Population-Based Outcomes for Primary Sclerosing Cholangitis

A study from the Netherlands examined the outcomes for Primary Sclerosing Cholangitis (PSC) (Hepatology 2013; 2045-55). Using four independent hospital databases with 44 hospitals, allowed the investigators to identify 590 PSC patients from a population of almost 8 million. Median followup was 92 months. Mean age at diagnosis was 38.9 years.  A second comparison cohort of 450 patients was identified from three Dutch transplantation centers outside the study area.  134 (30%) of this cohort were present in the population-based cohort.  An IBD comparison group of 722 cases was identified as well from a population of 271,000 patients.


  • Prevalence: 6 per 100,000.  This is significantly lower than previous estimates.  The authors emphasize the problem with previous epidemiology studies and the need for population-based studies with rigorous case-finding.
  • Survival, estimated at 21.3 years for the entire cohort following diagnosis, was better than previous studies and this may indicate less selection bias than tertiary referral center studies.  It could also reflect diagnosis of milder cases with newer imaging techniques.
  • 402 (68%) of PSC patients were diagnosed with inflammatory bowel disease.
  • 23 (4%) had autoimmune hepatitis overlap.
  • Colorectal cancer was 10-fold increased compared to ulcerative colitis controls and developed at a younger age (39 years compared with 59 years).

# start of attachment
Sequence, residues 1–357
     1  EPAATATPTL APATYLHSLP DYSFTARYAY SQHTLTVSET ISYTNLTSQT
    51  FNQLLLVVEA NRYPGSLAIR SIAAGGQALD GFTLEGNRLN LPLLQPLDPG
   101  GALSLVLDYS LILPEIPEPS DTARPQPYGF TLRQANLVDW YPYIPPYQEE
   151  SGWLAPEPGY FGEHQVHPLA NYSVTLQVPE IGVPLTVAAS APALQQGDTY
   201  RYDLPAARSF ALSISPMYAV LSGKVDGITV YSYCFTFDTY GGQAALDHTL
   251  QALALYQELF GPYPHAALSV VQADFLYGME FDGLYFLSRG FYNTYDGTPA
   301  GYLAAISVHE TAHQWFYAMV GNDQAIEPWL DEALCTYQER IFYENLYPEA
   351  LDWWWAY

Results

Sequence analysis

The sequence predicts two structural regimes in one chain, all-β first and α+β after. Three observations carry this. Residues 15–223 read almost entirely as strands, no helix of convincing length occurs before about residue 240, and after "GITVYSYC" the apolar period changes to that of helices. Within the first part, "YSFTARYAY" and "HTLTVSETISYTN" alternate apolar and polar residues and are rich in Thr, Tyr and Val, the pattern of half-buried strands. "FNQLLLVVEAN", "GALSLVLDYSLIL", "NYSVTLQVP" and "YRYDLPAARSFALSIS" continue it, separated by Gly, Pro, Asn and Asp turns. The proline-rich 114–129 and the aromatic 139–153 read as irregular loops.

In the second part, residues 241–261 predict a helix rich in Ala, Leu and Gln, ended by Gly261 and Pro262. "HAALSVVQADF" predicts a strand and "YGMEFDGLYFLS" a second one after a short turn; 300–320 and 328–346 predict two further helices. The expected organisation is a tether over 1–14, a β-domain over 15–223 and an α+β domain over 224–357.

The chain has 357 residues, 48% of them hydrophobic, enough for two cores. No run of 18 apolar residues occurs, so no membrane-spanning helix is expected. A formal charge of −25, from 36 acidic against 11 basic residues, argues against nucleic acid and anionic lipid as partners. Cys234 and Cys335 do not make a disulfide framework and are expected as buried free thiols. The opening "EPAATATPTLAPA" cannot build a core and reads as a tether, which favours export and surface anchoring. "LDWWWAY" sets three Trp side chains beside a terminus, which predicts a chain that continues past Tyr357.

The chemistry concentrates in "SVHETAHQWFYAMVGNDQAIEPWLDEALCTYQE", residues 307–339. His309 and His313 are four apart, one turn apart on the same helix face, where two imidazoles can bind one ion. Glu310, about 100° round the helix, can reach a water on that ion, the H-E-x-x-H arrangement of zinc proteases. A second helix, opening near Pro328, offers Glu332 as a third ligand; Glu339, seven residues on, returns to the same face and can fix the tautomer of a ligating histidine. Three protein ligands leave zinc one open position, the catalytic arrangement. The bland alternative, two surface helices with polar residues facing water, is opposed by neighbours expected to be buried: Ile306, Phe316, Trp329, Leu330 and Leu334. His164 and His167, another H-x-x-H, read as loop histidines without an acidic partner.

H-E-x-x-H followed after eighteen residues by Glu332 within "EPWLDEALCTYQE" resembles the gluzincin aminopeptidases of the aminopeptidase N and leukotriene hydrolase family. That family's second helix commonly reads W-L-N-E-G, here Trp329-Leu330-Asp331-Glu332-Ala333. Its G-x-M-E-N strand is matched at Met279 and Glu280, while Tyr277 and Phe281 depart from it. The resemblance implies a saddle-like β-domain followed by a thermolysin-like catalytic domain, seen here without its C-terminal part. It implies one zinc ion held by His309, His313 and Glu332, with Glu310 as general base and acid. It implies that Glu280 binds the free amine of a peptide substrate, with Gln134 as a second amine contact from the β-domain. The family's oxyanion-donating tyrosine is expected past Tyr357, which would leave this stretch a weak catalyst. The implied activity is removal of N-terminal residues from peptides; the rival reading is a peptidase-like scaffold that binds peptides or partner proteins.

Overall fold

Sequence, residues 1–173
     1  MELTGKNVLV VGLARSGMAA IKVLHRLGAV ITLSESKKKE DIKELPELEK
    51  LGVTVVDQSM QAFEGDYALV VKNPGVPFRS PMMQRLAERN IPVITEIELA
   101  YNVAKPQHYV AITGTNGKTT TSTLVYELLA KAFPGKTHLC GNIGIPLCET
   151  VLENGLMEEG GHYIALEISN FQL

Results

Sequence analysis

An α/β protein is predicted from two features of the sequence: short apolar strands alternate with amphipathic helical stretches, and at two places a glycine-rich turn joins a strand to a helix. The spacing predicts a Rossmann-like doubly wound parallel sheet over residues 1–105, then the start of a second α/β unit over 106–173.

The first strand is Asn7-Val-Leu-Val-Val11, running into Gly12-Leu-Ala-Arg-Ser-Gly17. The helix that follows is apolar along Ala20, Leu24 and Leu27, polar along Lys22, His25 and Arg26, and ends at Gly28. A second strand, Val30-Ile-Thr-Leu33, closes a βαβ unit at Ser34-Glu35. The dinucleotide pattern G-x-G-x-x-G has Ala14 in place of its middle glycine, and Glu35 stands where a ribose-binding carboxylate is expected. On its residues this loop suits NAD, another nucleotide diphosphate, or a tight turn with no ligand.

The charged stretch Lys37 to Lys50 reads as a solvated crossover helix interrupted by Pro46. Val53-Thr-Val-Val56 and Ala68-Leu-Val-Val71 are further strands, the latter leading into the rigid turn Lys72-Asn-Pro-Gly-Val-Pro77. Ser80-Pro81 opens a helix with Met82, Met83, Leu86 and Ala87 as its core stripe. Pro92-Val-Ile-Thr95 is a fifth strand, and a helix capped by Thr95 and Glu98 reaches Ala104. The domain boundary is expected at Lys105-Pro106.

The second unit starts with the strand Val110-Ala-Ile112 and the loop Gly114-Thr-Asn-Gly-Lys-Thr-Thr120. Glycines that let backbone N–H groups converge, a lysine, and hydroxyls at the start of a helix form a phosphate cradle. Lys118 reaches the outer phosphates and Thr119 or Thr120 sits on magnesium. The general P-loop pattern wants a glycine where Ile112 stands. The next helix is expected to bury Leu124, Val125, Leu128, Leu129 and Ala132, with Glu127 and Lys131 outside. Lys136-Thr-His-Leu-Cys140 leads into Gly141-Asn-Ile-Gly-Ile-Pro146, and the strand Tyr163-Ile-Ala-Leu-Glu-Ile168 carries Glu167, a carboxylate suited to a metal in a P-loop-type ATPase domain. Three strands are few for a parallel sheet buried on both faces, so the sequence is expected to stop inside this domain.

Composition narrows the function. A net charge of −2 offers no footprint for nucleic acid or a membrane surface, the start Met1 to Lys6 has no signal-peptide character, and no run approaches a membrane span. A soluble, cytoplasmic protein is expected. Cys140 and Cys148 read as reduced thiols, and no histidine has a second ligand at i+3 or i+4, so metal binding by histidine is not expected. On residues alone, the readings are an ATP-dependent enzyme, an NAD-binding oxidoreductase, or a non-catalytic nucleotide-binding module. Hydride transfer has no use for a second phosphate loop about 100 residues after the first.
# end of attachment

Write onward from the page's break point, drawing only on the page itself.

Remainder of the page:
• Cholangiocarcinoma (CCA) was nearly 400-fold increased risk.  The cumulative risk of CCA was estimated at 20% after 30 years following PSC diagnosis.
  • During followup, there were 97 deaths; 73 (75%) were PSC-related.

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9 thoughts on “Population-Based Outcomes for Primary Sclerosing Cholangitis

  1. Reblogged this on caronblocks and commented:
    Some interesting statistics about PSC. I aim to beat the 21.3 year survival estimate. When I was diagnosed, 17 years ago, the expectation was that I wouldn’t make it as long as I already have, so I see no reason why I shouldn’t beat the odds again now that the odds have been recalculated.

  2. It strikes me how much younger you were at time of diagnosis than the mean. Wow! Please continue to defy the odds!

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